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  • Writer's pictureEmma Egan

SHOW RECAP + GALLERY: Taylor Swift brings Eras Tour to Life in Foxborough, MA

After 5 years and 4 albums away, Taylor Swift made her return to Gillette Stadium, and Buzzkill was lucky enough to catch the third and final night of Swift’s mini residency. Dressed in our Eras’ best and arms full of friendship bracelets, we jumped in headfirst to the third night of the Eras Tour in “Foxy” Foxborough, MA.


Kicking off the night was indie singer-songwriter, Gracie Abrams. This is our second run-in with Gracie Abrams since catching her set at Lollapalooza last summer, and her stage presence has gained power. She has a way of commanding crowds that many artists her size struggle to hone, but Abrams does it with ease, finding moments to connect with her fans while soaking it all in.


Next up to bat, Phoebe Bridgers. We'e been following Phoebe for a minute here, and her growth even in the Punisher album cycle alone has been nothing short of monumental. Heralded as one of Taylor Swift's favorite artists by Swift herself, Phoebe Bridgers carved a home into the Gillette stage, tugging on the heart strings of the nearly 100,000 in attendance. Seeing Bridgers at this scale, and hearing her lyrics yelled right back to her was enough to make me teary eyed more times than I’d like to admit. The sweeping orchestral sounds of "Moon Song," "DVD Menu," and "Scott Street" feel like they was always meant to be played at this scale, and I doubt it will be long until we see Bridgers play shows of a similar scale on her own. During her set, Bridgers gave a proper farewell to the Punisher era (an album cycle which ended with her Era's Tour appearances) by surprising audiences with the album's title track. While it's painful to say goodbye to the era that, for many, put Bridgers on the map, we're patiently awaiting what's to come next for the artist (and waiting for the Boygenius tour to stop at our respective cities to get our fix).


With a somewhat tongue-in-cheek spin of “You Don’t Own Me”, the countdown to Taylor began. With anticipation higher than ever for Taylor’s 13th Gillette appearance, fans all around the stadium found themselves out of their seats and craning their necks, waiting for the moment that iconic opening sequence would start. We all stood there as her dancers emerged from inside of the ginormous backdrop to a medley of many of Taylor's most iconic songs. "My name is Taylor, and I was born in 1989!"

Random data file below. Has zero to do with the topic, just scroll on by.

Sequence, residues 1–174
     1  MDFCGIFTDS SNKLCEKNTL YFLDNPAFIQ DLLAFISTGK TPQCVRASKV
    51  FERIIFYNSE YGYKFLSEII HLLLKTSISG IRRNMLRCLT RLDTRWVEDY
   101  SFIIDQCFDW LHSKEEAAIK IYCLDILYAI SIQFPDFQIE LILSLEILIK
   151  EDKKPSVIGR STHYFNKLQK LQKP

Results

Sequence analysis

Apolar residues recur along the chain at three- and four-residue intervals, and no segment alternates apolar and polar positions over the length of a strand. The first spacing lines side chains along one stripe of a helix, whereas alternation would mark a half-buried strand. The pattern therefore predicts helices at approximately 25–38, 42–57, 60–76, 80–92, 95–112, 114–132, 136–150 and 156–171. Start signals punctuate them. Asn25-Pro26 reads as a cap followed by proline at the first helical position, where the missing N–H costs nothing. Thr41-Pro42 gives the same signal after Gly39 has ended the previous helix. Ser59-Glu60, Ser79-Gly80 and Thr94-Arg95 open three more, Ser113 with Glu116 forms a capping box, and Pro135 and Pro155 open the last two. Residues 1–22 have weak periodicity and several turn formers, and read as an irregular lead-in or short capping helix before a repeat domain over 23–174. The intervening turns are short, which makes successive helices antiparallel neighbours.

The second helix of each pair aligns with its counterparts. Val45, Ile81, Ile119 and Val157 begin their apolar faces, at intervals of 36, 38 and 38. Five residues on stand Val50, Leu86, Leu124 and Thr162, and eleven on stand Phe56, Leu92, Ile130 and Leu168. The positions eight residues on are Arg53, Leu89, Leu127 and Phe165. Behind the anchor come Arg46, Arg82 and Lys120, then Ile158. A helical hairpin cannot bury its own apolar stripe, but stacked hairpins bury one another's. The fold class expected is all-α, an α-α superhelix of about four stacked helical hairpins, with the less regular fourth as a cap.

Swift’s set begins with a burst of color and sends her straight into “Miss Americana and The Heartbreak Prince.” The opening line It’s been a long time coming feels apt. Alongside her band, backup dancers, and grand visuals, Taylor's set weaves together a technicolor dreamscape that shifts and spins through the eras of her 17 year-long career.


With a set time clocking in at just under 3.5 hours, Swift is an unstoppable force of talent. From the bright and tropical warmth of Lover, to snake-soaked Reputation, or the dark and romantic mysticism of Evermore and Folklore, Swift unravels her unapologetic, genre-spanning career.

“Giving the people what they want” feels like the understatement of the century when looking at the Eras tour setlist. Welcoming four new albums to her repertoire since last touring (Lover, Folklore, Evermore, and newly-released Midnights), Swift pays homage to each of her album cycles, reflecting on the journey that made her the performer she is today. Her grand sets, costuming, and visuals in no way distract from Swift’s live performance.

To give away too much of the set feels like a disservice, so a few highlights:

  • an over three minute ovation after performing “Champagne Problems”;

  • a stunning solo rendition of Taylor’s ten minute track “All Too Well”;

  • surprise songs were “I Think He Knows” and “Red” (both on guitar due to a piano malfunction, a result of a rain show the night prior).

Viewing her entire catalog in this form truly highlights the impact her body of work has had on both her fans and the industry alike. While continually topping the charts is something Taylor knows all too well, it’s Swift’s devastating relatability and the connection she is able to foster with and for her fans that is her truest success. Swift is able to dig deep into emotional wells, bursting joys, and stinging betrayals time and time again, leaving it all out on stage, only to be wrought back to life the next night. It’s a truly phenomenal effort, yet she seemingly does so with ease.

Swift and her team have concocted the tour of a generation, reaching out to new and old fans alike. Swift made the stage her home, and welcomed all 70,000 of us into the charmed and charged world of her music.


With bursts of confetti, and dazzling fireworks, Swift’s Foxborough residency came to a close. It feels almost impossible to do this show any justice in words, it was truly a spectacle on a scale I had never seen, and I’m keeping my finger crossed for some sort of documentary to relive this show over and over again. Until then, we at Buzzkill are anxiously anticipating the re-release of Speak Now, coming July 7th.


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